After being gone for a week last month, I came home to realize that you have become a master manipulator in your 4th year. It wasn't until I had stepped away from you for an extended period of time that it became evident. You argue, you talk back, you are relentless in wanting to get your way or your point across. You are too smart and too stubborn. It's becoming a frustrating combination that your father and I are working hard to address.

Mindful of your new tactics, minutes 16-20 are spent trying to break the pattern of arguing back with you. I remind myself over and over, "You are the parent. He is the kid. He can't rationalize away this behavior!"

At minute 21, with us home and you in your room in Time-out, I had to start dealing with my own anger issues. What is the matter with you?! Why are you such a punk? Where in the world does it make sense to launch into a tantrum over something so trivial as not getting what you wanted for lunch when you have TWO PERFECTLY ACCEPTABLE LUNCH OPTIONS AVAILABLE TO YOU!?!?!

Minutes 22-23. Wait. Did you? Was that? Yes! It was! You are throwing stuff at your closed bedroom door. You KNOW you aren't supposed to do that. Time for a refresher course at what Time-out entails.

Minute 24. Another block goes flying against the door and I just about lose MY ever-lovin' mind.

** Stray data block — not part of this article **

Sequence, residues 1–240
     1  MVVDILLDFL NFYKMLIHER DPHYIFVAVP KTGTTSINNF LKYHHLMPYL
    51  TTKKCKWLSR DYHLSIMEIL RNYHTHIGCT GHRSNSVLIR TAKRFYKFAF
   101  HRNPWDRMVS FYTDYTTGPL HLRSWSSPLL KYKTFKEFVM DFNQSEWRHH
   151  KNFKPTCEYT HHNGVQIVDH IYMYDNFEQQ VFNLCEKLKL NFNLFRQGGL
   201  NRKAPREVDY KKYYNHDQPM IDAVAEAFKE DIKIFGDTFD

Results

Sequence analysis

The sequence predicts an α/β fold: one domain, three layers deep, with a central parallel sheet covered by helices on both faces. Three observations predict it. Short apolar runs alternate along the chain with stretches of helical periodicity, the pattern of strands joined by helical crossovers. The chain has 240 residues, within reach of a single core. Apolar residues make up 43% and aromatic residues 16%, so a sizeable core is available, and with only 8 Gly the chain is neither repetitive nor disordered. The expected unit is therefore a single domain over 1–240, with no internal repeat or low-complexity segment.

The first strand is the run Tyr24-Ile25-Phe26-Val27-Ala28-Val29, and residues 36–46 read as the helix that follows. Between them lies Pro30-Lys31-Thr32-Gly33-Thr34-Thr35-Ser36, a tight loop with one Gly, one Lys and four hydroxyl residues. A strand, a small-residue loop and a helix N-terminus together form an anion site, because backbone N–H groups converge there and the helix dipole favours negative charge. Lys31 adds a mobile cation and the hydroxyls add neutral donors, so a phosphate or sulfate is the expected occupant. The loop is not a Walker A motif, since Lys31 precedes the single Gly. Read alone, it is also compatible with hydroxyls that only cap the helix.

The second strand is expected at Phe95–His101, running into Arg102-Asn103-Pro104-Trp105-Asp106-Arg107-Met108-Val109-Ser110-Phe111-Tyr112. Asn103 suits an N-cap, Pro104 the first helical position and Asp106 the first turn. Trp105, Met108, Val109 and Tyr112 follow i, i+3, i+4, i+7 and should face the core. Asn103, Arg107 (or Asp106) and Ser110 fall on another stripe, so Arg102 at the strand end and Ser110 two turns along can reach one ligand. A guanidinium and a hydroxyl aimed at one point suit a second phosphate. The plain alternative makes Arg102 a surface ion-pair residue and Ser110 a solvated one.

Minutes 25-30 were rough. I'm not going to lie. I tried to call your dad to get someone to talk me off the parenting meltdown ledge. Unlucky for you(me), he didn't pick up.

By minute 31, with you still wailing at the top of your lungs, and every toy you keep in your room doing it's damnedest to come through the door, I decided it was time to try a different tactic. I came into your room, picked you up off the floor, and sat with you in my lap. We talked about why you were crying (I hurt your feelings), and we talked about why you were in time out (You don't know). We went over how talking back to me and arguing with me about lunch is not okay (You tried once again to state your case). We talked about ways to handle being angry besides destroying your room and yelling at me (You were avoiding eye contact during this whole segment).